Credit to Author: Hardip Johal| Date: Thu, 13 Feb 2020 02:00:58 +0000
In the 2017 contest for the federal Conservative party leadership, the firearms community was an engaged voting block and most of the contenders sought the support of gun lobby organizations. However, the 2019 election and the changing demographics of gun ownership suggest that Conservatives should be wary about linking themselves too closely to groups that aim to roll back many of the gun control laws passed since the late 1960s.
The number of Canadian firearm owners has declined since the mid-1970s. A 1976 survey estimated that Canada had approximately 2.5 million gun owners. In comparison, in 2018 2.2 million Canadians possessed firearm licences. Given the increase in the nation’s population, the percentage of Canadians owning guns has decreased substantially. By contrast, between 20 and 30 per cent of Americans own a firearm.
Gun ownership rates are comparatively lower in the parts of the country likely to be pivotal in the next federal election. While relatively high percentages of residents in the Conservative strongholds of Alberta (7.4 per cent) and Saskatchewan (9.5 per cent) own guns, the firearm ownership rate in key battlegrounds are more modest. Gun ownership rates in Ontario dropped from nine per cent in 1976 to 4.3 per cent in 2018. In Quebec, the rate dropped from 8.6 to six per cent in the same period. British Columbia also saw a steep decline — from 11.6 to six per cent.
In the past, gun owners have exerted considerable political clout. For example, in 1976 the Liberal government of Prime Minister Pierre Trudeau introduced a bill that, among other things, would have forced all gun owners to get a licence. The backlash from firearm enthusiasts forced Trudeau to retreat, and to instead pass legislation that only required gun purchasers to acquire a Firearms Acquisition Certificate.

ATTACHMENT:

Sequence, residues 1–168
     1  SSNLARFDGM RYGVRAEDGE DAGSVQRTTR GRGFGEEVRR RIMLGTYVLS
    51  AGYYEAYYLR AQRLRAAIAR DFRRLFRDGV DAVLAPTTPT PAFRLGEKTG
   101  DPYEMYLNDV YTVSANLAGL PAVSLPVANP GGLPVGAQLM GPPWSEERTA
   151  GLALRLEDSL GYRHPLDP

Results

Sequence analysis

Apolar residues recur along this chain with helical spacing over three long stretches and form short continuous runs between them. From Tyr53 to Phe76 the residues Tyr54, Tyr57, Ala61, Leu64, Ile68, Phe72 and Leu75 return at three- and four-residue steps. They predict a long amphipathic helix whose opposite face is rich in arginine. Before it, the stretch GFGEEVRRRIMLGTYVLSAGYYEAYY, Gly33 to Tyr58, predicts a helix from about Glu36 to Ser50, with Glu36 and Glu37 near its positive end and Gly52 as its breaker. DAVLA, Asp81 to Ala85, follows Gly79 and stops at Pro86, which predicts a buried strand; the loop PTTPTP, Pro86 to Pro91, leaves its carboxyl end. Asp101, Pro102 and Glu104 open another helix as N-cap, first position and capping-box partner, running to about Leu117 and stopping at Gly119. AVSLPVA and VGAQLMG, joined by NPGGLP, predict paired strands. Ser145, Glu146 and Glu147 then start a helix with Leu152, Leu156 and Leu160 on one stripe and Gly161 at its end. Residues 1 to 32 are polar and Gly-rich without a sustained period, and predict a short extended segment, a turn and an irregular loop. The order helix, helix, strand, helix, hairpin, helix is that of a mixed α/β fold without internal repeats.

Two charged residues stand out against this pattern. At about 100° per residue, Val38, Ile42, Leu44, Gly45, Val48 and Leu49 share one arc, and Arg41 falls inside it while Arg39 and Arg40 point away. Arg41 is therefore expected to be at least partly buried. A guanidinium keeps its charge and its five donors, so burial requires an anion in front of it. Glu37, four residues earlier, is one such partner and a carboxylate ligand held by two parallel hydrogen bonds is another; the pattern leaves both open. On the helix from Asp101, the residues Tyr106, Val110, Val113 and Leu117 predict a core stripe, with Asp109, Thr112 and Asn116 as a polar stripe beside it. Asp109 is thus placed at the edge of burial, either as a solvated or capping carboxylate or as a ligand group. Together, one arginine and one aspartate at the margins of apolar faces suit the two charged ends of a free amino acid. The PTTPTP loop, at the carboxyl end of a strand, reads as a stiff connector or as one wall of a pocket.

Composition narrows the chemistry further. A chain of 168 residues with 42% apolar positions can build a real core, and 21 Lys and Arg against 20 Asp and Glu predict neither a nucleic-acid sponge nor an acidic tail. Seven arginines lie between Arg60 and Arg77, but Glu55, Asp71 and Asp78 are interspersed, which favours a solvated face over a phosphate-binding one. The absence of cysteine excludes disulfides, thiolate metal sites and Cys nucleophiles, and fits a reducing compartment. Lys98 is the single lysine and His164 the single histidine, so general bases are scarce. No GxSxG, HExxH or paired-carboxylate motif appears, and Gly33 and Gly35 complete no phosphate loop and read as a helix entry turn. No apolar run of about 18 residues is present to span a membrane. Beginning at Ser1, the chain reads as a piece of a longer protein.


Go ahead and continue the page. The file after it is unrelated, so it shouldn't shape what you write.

Horrific events have at times overcome gun owner resistance to increased regulations. Following the 1989 Montreal Massacre, the groundswell of support for tougher regulations overwhelmed the opposition. Both the Progressive Conservatives and Liberals passed important new gun control bills that, among other things, limited the capacity of magazines, banned many models of handguns, created a universal licensing system, and imposed safe storage regulations.
Despite representing a small minority, gun lobby groups continue to be loud and aggressive. They demand that Conservative leaders adopt firearm policy positions opposed by most Canadians. For example, at the Conservative party’s 2016 policy convention gun groups pushed the party to adopt the so-called “Simplified Classification System” for firearms, which would make almost all semi-automatic rifles, including the AR-15, non-restricted.
One of the loudest organizations, the Canadian Coalition for Firearm Rights, recently touted the fact that firearm owners “played an active and important role” in the last Conservative leadership contest. It has also expressed views about the current race, concluding, for example, that Jean Charest was unacceptable because he “hates guns and gun owners.” “There is no place for Charest as leader of the Conservative Party of Canada if you’re a gun owner,” the group told its members.
This kind of advocacy can have concrete results, but not necessarily the results gun groups want. In the 2019 federal election, the Liberal party saw firearm regulation as a winning issue and highlighted the efforts of prominent Conservatives, including Andrew Scheer and Michelle Rempel Garner, to curry favour with gun lobbyists.
Peter MacKay has already declared that he will undo any gun control laws passed by the current parliament, much to the pleasure of gun lobbyists. Conservatives, however, should question if tying the party to groups seeking to weaken the current firearm control regime is worth potentially alienating the many Canadians who do not own guns and have concerns about public safety.
R. Blake Brown is professor of history at Saint Mary’s University and an adjunct professor at the Schulich School of Law at Dalhousie University. He is the author of Arming and Disarming: A History of Gun Control in Canada.